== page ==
Good idea about trying a different species of wood. On that note, I realize I may have told you the wrong species of what this is. I purchased it from an amish mill who said “it smelled like walnut when we cut it, but the tree didn’t look like walnut.” After research and comparing against known Black Walnut in my shop, I’ve come to the conclusion that some of this is probably Claro Walnut (though I live in Missouri, which is weird). If you think otherwise let me know, but I say this in case Claro has a different workability. (pic 1 is likely Black Walnut, and pics 2-3 are the potentially Claro Walnut from the mill.)

End grain

-- Keith - Bolivar, Missouri,

View firefighterontheside's profile


18351 posts in 1880 days

#6 posted 02-08-2015 11:05 PM

My experience with a bowl bit is that they are not very good at plunging unless you have one where the two cutters bypass each other. I would think your best hope for making this work is to have your speed set about 15,000 rpm( looked at a chart) predrill as you did as deep as you can such that the router bit bit eventually removes the pilot Mark from the Forstner bit.

-- Bill M. "People change, walnut doesn't" by Gene.

View Keith Kelly's profile

Keith Kelly

263 posts in 1687 days

#7 posted 02-10-2015 03:05 AM

Alrighty, I’m fairly convinced there’s an issue with the bit. Here’s a test on some Sassafras with a variable speed plunge router at 16,000 rpm (according to the lookup chart in the router manual) which is the speed Whiteside says should be used for this size of bit.

I’ve worked with Sassafras a significant amount during a recent project, and it cuts easy. However, there were significant tearout issues:


-- Keith - Bolivar, Missouri,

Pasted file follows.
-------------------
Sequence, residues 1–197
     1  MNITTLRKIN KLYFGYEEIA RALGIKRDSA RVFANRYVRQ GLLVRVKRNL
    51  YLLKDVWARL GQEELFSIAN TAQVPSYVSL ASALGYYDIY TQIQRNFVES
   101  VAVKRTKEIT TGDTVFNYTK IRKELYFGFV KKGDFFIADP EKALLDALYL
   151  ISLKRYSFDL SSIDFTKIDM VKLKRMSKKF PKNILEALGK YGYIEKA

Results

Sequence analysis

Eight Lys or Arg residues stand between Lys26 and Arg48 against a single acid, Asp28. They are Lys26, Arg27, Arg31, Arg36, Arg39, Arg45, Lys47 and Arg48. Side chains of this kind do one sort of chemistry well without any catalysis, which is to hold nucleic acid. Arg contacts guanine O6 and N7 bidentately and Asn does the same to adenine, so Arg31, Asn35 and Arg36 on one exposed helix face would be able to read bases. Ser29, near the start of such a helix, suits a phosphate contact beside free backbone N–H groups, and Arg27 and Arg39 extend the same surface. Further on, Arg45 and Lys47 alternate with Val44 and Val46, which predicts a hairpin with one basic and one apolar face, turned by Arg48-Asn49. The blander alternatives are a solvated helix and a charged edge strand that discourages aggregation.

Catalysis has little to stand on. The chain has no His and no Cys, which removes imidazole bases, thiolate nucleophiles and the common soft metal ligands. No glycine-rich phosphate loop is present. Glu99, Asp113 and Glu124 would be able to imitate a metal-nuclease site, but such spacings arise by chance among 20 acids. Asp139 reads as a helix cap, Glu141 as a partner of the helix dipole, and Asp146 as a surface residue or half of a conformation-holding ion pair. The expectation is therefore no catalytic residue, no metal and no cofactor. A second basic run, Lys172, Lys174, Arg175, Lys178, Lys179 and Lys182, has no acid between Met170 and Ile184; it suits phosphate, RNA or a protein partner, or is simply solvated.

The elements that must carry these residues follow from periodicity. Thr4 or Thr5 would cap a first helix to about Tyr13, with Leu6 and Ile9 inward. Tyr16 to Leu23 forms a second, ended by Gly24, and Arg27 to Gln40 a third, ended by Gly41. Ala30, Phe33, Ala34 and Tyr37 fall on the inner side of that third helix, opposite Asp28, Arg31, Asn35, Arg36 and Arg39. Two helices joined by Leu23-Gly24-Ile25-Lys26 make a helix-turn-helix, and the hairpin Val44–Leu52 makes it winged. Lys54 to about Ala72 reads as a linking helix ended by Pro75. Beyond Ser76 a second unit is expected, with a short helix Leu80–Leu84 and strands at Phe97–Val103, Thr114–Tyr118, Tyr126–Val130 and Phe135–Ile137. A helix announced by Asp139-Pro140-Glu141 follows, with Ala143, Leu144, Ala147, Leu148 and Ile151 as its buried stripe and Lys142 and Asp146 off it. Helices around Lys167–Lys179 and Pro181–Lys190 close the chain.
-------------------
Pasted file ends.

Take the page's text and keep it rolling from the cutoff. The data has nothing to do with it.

View Rick Bailey's profile

Rick Bailey

247 posts in 1386 days

#8 posted 02-10-2015 03:15 AM

Looks like a dull bit to me.
Try this, score a line around the hole first with a sharp knife, about a 1/8 if you can.
You want to cut those fibers at the top of the cut before you drop the router down.
I do this when working with wenge.

-- I'll bulid your dream,you tear it down.

View Tony_S's profile


871 posts in 3107 days

#9 posted 02-10-2015 11:10 AM

I’d bet the issue is the collet, and not the router bit. I’ve bought close to 100 bit’s from whiteside in the last 2-3 years and haven’t had any QC issues yet. It’s always possible the bit is defective, but not likely.

Bigger, heavier bits are a lot more sensitive to collet runout than smaller bits are. The collet might be dirty or damaged, or may just have been crap right from the factory and you hadn’t noticed it before.

Unclamp the router and hold it up freehand(not on its base) and turn it on. Does it vibrate at all?
If it does, clean the collet really well and try it again. If there’s no improvement, try a new collet.
Last resort, call Whiteside.

-- It is the mark of an educated mind to be able to entertain a thought without accepting it. Aristotle

View Dan Krager's profile

Dan Krager

4033 posts in 2258 days

#10 posted 02-10-2015 09:57 PM

You might be fighting more than one issue. Consider that the bit is is not surgically sharp AND runout is excessive. It is possible that the bit blades are not cutting the same amount on each side>one blade is a few 10/1000” farther from center than the other.
If none of the above (unlikely), try cutting down to say 1/16” of final depth. Then soak the pocket with just about all the mineral oil it will soak up, probably lots. Let it sit for a few minutes, wipe it clean and then finish your cut. You might be surprised at the result.

-- Dan Krager, Olney IL One should always prefer the probable impossible to the improbable possible.

View Keith Kelly's profile

Keith Kelly

263 posts in 1687 days

#11 posted 02-10-2015 10:12 PM

Thanks for the tips. I ended up drilling a bunch of holes in 1/4” MDF with a Forstner bit to create a template. Then I clamped that to my workpiece and routed a bunch of scoops using a bowl & tray template bit w/ bearing.

In a nutshell, I gave up on this bit. I contacted the seller and it’s going back. I’ve had great luck with Whiteside in the past, so I suspect this is either user error or a rare case of bad luck.

Side note: there was no vibrating, but that’s a good call and I didn’t think to debug that before.

-- Keith - Bolivar, Missouri,